Alan Milburn, the Chief Secretary to the Treasury, has ordered a wide- ranging review of the "scandal" of 25,000 public-sector staff retiring early every year. Ministers were determined to act after a series of high- profile cases where public employees were found to have taken large pension payouts even though they appeared to be perfectly healthy. One policeman, Tony Lundy, was photographed running in a marathon despite having been declared unfit to face a disciplinary inquiry into allegations of corruption.
The Treasury is particularly concerned at the wide variations in sickness levels between different professions and want to cut the soaring costs. Each early retirement costs an average of pounds 35,000 in pension payments.
In the five years to 1997, 73 per cent of all fire officer retirements were on ill-health grounds, 49 per cent of police, 33 per cent of National Health Service staff, 23 per cent of teachers and 22 per cent of civil servants. In some councils, more than half of all staff retire early, while in others the rate is just 10 per cent. Similarly, rates between police forces vary from 60 per cent to 20 per cent.
Treasury officials believe the higher rates cannot simply be attributed to the dangers or physical nature of certain jobs. Just 6 per cent of armed forces personnel retire on ill-health grounds, they point out.
Nearly one-quarter of all medical retirements are for "psychiatric" problems, their highest level yet, and ministers want to find out how stress can be better addressed. The review, looking at different styles of pension schemes and staff management, will be conducted by a working group including representatives of the Confederation of British Industry, Trades Union Congress, pension fund managers and personnel experts. They have been told to report to Mr Milburn with their conclusions and recommendations for best practice by early next year.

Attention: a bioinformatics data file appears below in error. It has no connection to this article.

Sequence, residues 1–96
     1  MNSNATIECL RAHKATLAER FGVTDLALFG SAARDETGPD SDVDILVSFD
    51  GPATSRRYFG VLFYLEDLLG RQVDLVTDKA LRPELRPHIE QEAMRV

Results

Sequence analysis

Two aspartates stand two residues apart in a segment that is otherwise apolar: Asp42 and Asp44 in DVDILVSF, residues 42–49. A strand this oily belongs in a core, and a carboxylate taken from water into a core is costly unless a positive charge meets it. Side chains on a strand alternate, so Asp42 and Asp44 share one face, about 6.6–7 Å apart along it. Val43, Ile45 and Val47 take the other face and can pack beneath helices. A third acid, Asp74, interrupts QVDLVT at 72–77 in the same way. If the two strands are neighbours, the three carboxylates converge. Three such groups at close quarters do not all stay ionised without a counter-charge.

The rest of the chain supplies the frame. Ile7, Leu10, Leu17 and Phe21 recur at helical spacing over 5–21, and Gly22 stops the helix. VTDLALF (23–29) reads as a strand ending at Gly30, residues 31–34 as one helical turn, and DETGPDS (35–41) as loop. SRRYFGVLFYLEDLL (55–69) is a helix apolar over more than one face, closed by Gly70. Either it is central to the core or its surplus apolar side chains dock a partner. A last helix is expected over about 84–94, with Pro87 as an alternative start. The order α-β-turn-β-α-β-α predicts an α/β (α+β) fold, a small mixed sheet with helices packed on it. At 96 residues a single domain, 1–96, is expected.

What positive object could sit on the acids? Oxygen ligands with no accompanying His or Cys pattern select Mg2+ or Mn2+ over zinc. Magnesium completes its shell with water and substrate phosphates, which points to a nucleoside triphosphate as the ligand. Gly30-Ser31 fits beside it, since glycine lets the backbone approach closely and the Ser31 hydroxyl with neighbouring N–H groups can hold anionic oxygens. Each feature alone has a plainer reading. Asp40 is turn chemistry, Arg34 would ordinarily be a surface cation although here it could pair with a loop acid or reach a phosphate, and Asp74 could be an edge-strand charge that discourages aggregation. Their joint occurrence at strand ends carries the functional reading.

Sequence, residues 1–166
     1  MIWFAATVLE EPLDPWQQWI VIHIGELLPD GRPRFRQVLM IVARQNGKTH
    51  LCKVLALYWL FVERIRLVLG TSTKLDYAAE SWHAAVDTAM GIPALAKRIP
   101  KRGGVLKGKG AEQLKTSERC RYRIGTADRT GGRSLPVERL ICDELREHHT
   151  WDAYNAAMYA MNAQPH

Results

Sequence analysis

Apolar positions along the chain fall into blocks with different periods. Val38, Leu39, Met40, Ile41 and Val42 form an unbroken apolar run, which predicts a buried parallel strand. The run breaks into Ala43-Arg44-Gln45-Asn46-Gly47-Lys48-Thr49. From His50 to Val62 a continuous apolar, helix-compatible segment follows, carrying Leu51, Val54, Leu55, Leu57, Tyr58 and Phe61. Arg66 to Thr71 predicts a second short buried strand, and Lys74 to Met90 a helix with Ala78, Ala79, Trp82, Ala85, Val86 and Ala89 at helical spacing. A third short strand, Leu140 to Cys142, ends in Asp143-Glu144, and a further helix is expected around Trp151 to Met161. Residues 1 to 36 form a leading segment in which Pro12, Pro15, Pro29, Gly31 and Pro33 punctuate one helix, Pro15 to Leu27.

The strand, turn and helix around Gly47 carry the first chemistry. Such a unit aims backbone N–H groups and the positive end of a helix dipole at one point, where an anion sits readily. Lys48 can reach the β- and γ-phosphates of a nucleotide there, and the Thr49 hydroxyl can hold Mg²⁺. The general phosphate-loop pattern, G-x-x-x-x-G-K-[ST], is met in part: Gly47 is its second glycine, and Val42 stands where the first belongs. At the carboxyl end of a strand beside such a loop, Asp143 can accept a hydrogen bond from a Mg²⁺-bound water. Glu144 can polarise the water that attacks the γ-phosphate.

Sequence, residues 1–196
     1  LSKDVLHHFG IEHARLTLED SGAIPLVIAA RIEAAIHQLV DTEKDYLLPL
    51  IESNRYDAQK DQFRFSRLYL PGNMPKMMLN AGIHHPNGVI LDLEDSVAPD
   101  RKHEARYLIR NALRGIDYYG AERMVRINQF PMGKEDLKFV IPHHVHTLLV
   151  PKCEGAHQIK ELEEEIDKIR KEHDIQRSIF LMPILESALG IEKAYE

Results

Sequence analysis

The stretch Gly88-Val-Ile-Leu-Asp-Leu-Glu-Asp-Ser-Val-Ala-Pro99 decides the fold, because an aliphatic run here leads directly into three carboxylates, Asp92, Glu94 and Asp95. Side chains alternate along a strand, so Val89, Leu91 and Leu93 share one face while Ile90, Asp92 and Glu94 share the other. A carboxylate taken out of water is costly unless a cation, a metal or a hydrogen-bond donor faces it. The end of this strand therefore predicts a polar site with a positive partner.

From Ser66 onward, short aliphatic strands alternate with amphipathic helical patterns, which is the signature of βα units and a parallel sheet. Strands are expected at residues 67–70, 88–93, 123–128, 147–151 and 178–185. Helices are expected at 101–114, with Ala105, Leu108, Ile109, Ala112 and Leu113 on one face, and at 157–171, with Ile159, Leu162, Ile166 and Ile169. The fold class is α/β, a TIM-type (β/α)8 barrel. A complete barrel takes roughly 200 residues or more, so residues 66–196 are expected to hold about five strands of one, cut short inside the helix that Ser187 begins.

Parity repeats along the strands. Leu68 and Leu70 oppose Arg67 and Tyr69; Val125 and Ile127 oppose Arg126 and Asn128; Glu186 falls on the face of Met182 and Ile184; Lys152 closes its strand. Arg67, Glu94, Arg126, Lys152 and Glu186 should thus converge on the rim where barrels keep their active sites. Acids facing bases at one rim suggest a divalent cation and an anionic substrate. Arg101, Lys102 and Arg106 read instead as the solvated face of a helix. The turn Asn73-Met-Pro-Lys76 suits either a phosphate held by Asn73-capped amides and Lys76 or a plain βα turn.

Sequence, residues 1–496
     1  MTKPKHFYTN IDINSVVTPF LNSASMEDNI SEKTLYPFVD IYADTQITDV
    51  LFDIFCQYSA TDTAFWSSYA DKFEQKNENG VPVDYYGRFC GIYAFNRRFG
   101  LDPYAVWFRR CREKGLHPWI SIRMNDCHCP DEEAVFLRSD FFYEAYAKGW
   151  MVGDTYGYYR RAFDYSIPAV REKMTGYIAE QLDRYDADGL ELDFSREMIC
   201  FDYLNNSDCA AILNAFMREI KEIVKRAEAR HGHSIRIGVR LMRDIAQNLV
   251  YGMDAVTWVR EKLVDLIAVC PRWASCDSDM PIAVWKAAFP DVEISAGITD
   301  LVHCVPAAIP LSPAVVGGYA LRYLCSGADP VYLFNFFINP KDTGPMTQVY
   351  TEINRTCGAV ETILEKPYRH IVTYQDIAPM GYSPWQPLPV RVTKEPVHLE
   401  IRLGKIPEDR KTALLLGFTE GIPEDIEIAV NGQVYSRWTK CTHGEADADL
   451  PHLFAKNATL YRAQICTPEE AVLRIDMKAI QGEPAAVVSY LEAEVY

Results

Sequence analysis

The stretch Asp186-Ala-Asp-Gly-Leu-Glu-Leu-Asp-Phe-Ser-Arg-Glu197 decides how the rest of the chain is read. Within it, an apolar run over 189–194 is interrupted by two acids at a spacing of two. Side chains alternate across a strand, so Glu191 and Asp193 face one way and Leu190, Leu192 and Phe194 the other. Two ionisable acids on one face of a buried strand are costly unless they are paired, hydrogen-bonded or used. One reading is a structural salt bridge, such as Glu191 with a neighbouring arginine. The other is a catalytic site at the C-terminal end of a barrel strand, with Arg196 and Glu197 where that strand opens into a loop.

Mr Milburn said staff had a right to retire early as long as there were valid health reasons. However, the sheer scale of the problem needed investigation. Ill-health retirements have hit record levels during the Nineties. Such retirements among NHS male administrators in their thirties and forties rose fourfold between 1969 and 1994.
Sir Paul Condon, the Metropolitan Police Commissioner, has publicly noted that in 1995-96, more than 70 per cent of officers facing investigation or disciplinary charges retired on medical grounds. Detective Superintendent Lundy retired on medical grounds as he was being investigated for a number of very serious allegations, including corruption. He is now living in Spain, receiving an enhanced pension.Reuse content